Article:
From a Certain Point of View – A Star War Novel Review

From a Certain Point of View – A Star War Novel Review

From a Certain Point of View – A Star War Novel Review

0 comments 📅10 October 2017, 12:32

I have done a few reviews of Star Wars novels, the most recent being my review of Phasma, and for the most part I have been able to give you a rough overview followed by a light play by play and final thoughts. This one how ever will be a little different. If I were to recap all 40 of these stories this article would be about as long as a short novel itself! So what I plan on doing this time around is to give you a rough overview of what the book is about and what you are in store for when you pick it up. Followed by a few of the stories that stuck out the most to me, so I hope you all like it!

From a Certain Point of View is an anthology of short stories that in short are a love letter from authors to the original Star Wars film. This book contains 40 stories written by a slew of authors, each telling the story of A New Hope from the point of view of secondary characters. Some of the contributing authors include Christie Golden, E.K. Johnston, John Jackson Miller,  Wil Wheaton, Ashley Eckstein, and more. It also has stories from comic book writers such as, Charles Soule, Kelley Sue Deconnick, Matt Fraction, and Keiron Gillen. I personally listened to the audio book format of this novel and I would suggest it to any one out there, mostly because you get to hear Jon Hamm as Boba Fett, as well as Star Wars audio book veterans Johnathan Davis and Mark Thompson. The book moves chronologically through the story, starting with Captain Antilles of the Tantive IV and ending at the medal ceremony on Yavin 4.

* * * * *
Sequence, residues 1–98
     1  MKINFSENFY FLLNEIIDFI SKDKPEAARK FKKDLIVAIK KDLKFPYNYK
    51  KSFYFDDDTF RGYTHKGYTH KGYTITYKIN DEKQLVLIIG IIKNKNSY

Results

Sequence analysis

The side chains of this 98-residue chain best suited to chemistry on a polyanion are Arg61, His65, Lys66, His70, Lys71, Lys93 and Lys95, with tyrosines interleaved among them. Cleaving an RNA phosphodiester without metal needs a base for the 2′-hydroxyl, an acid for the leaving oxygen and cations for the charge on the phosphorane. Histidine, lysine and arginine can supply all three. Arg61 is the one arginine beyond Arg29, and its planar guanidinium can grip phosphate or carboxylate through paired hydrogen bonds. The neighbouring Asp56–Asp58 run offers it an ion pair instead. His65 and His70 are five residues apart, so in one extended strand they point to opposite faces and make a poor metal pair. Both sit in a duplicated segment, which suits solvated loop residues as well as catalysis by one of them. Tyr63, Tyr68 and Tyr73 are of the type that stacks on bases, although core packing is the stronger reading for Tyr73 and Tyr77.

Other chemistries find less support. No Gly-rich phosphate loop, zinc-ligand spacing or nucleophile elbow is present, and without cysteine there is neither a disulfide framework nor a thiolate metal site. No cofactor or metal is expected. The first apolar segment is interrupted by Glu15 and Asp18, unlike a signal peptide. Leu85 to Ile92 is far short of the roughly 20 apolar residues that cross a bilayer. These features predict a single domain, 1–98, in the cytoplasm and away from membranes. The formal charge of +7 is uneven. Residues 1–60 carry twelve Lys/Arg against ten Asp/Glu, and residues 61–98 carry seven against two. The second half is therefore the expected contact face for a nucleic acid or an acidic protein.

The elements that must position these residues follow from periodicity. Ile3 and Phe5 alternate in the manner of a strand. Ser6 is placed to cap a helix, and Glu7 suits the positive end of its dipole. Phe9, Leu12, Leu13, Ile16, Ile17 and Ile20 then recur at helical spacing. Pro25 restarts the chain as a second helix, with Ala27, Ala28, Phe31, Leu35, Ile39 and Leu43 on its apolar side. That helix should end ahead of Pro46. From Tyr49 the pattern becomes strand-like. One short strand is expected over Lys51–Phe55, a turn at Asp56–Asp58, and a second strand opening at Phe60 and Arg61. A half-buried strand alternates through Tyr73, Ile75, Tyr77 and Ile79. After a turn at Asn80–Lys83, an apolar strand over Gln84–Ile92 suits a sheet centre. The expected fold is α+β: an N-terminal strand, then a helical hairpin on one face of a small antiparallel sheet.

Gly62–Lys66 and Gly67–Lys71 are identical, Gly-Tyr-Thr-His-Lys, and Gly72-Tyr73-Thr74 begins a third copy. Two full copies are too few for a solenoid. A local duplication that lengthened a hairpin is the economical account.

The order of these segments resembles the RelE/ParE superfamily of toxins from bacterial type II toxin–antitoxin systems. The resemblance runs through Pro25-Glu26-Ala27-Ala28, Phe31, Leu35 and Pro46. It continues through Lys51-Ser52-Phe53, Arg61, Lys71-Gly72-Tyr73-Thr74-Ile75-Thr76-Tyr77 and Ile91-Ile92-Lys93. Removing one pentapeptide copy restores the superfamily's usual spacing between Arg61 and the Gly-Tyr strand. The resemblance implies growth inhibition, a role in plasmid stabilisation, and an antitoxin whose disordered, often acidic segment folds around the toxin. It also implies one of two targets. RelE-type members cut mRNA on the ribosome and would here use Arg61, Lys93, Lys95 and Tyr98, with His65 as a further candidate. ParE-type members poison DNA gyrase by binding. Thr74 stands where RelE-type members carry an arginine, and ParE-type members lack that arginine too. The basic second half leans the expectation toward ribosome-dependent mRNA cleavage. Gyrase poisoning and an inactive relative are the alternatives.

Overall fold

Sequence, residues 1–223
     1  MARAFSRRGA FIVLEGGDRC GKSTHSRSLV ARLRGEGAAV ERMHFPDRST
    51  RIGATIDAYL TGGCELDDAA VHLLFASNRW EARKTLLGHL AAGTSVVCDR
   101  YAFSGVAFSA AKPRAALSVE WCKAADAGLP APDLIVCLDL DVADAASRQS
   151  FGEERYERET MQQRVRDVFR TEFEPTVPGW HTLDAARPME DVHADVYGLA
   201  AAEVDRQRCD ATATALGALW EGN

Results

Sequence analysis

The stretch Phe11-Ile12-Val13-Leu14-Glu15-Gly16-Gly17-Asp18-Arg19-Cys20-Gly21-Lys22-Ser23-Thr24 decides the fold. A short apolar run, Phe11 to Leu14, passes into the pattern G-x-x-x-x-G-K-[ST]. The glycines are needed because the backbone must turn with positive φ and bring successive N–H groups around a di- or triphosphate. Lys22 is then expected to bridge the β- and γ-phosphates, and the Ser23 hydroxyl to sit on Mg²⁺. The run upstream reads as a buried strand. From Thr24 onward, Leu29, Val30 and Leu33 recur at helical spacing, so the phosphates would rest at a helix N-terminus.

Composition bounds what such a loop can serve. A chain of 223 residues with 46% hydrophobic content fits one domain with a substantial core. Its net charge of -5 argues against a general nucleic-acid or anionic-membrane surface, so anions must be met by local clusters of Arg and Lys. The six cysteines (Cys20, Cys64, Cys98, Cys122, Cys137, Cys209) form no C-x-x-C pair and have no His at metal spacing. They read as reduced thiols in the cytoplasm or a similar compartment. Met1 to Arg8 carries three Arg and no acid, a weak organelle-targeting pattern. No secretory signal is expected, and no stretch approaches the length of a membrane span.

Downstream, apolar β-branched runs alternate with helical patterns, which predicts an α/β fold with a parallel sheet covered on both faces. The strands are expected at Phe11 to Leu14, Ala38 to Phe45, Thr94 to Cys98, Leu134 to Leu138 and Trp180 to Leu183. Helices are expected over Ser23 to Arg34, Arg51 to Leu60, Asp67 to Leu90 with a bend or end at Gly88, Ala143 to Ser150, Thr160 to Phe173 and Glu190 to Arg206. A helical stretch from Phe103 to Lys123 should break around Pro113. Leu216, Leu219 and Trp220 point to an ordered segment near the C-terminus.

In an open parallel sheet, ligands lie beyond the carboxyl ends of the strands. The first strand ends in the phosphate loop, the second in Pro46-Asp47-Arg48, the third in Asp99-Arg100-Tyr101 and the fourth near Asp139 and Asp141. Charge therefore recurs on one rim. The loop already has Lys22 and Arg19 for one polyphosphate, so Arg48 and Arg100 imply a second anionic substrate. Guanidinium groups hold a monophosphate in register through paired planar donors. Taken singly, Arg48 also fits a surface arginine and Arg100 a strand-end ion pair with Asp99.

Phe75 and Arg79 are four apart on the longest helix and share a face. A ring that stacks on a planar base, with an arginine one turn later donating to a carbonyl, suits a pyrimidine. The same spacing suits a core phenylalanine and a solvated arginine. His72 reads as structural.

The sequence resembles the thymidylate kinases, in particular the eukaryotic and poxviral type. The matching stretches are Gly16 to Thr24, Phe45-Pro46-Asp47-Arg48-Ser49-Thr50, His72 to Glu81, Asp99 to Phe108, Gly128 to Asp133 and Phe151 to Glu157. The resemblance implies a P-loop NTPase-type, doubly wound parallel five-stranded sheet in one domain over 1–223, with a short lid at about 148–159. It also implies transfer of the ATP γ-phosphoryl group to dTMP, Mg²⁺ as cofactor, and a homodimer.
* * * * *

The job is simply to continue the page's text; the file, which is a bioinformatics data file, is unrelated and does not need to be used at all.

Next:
So now I am going to tell you a little about some of my favorite stories from the book. First we have THE BEST STORM TROOPER EVER! The story is titled “Born in the Storm” by Daniel José Older. This is a story of a Storm Trooper who is stationed just outside Mos Eisley and gets pulled in to help look for the missing droids. This is the most plain talking storm trooper in the history of storm troopers. It adds so much to a set of characters that for the most part we see as faceless cogs in the imperial war machine. One thing you will find out is this trooper loves Dewbacks, and I mean he LOVES them. I don’t want to get into it too much but he ends up being one of the storm troopers that old Ben Kenobi Jedi mind tricks into letting them pass. It was light hearted and funny one of the best in the book!